The financial world is plodding along like a drunken sailor avoiding debt collectors by keeping no cash in his wallet. It’s not the kind of calm that’s going to last or end well. But the storm will have to wait until after the Olympics.What a game! We’ve never watched ice hockey closely before. But watching […]
“When they come for my gun, they will have to pry it out of my cold, dead hands,” is a common refrain I often hear from the Neo-Cons when there is a threat, credible or otherwise, that the U.S. government is going to take their firearms.And, when I hear this crazy talk, I agree with […]
The highest form of charity, argued the 12th-century Jewish philosopher Maimonides, is when the help given enables the receiver to become self-sufficient.But our systems of state charity — aka welfare — have too frequently had the opposite effect: They have actually created dependency. It is time to rethink the way we help people.I’m going to […]
In times of war and national emergency, it’s sometimes necessary to sacrifice civil liberties to secure vital gains in public safety. In those cases, we may have to accept a loss of privacy or freedom rather than invite mass slaughter of Americans.The National Security Agency’s domestic phone records collection is not one of those.Never have […]
President Obama crowed in his State of the Union speech about the economy, even mentioning “a rebounding housing market.” Maybe he was referring to friends in high places, like the seller of Penthouse One in New York, which just closed for $50.9 million, all cash. Millions of mere-mortal homeowners likely wanted to throw something at […]
The nonpartisan Congressional Budget Office is acting in a bipartisan way to cover up the biggest single threat to the bipartisan political alliance that is stripping America of its wealth: the United States Congress.There is no question that the following policy is bipartisan. Democrats and Republicans in Congress are completely agreed that the following information […]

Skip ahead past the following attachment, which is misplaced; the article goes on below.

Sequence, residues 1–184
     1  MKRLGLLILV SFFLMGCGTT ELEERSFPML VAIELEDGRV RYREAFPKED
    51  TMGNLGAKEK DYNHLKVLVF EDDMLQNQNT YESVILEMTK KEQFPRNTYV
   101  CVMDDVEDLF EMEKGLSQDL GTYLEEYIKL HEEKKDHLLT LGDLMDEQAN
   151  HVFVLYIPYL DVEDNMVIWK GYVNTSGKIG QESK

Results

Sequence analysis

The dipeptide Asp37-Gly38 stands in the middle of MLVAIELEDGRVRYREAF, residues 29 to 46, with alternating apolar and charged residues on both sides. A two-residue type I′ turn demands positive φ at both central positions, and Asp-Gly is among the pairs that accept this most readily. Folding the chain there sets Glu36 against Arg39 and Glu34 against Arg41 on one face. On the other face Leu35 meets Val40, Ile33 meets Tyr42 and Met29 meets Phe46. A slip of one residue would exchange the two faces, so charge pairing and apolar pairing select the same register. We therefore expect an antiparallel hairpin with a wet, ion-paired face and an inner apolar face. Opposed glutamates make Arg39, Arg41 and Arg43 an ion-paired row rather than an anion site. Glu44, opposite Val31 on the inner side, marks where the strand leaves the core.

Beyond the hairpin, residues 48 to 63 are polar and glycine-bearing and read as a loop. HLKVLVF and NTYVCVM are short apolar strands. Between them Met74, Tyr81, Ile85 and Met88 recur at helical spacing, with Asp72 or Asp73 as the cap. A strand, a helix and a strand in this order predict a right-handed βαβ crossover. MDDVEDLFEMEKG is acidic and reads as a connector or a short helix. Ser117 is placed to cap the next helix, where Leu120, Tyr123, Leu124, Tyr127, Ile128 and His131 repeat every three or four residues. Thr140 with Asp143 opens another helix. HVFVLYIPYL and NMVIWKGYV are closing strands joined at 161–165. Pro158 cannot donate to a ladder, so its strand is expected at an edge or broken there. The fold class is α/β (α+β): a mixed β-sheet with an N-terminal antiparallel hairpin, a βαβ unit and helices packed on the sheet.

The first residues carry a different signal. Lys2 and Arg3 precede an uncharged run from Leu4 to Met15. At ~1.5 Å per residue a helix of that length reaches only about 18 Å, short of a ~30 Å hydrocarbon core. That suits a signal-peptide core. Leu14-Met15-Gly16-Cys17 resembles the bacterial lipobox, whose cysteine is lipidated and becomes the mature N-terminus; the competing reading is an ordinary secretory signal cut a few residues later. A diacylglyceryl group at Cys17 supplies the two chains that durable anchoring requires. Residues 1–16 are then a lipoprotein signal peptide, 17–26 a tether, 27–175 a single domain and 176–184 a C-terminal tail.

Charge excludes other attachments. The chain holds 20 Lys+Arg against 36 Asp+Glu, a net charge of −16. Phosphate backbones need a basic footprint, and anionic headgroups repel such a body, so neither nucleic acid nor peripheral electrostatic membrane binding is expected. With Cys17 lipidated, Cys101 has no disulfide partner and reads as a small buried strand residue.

Recent difficulties with implementing the Affordable Care Act have increased opposition to the program. A majority of Americans now oppose it. Problems with the HealthCare.gov website are in all likelihood temporary. However, there are serious long-term problems, particularly considering long-term finance and labor supply issues. Given the mounting difficulties with and growing concerns about the […]
Amidst all the revelations about how the American people, many of whom are absolutely convinced they live in a free society, have their telephone calls, emails, website visits, and who knows what else under surveillance by their own government, let’s not forget the massive infringements on financial privacy that have gone on for decades.Consider, for […]
Image: ShutterstockBitInstant CEO Charlie Shrem, along with alleged co-conspirator Robert Faiella, was arrested by federal authorities last week for allegedly laundering more than $1 million worth of Bitcoins. This is a tiny amount compared to the largest drug-and-terrorism money laundering case ever. Yet when British bank HSBC was found guilty in 2012 of laundering billions, […]
Do you trust your doctor? Most patients assume their doctor is working in their best medical interests whenever he or she orders a diagnostic test or recommends a particular treatment. Customers might wonder whether an unscrupulous auto mechanic is being truthful when he recommends a brake job or a new transmission. But most patients trust […]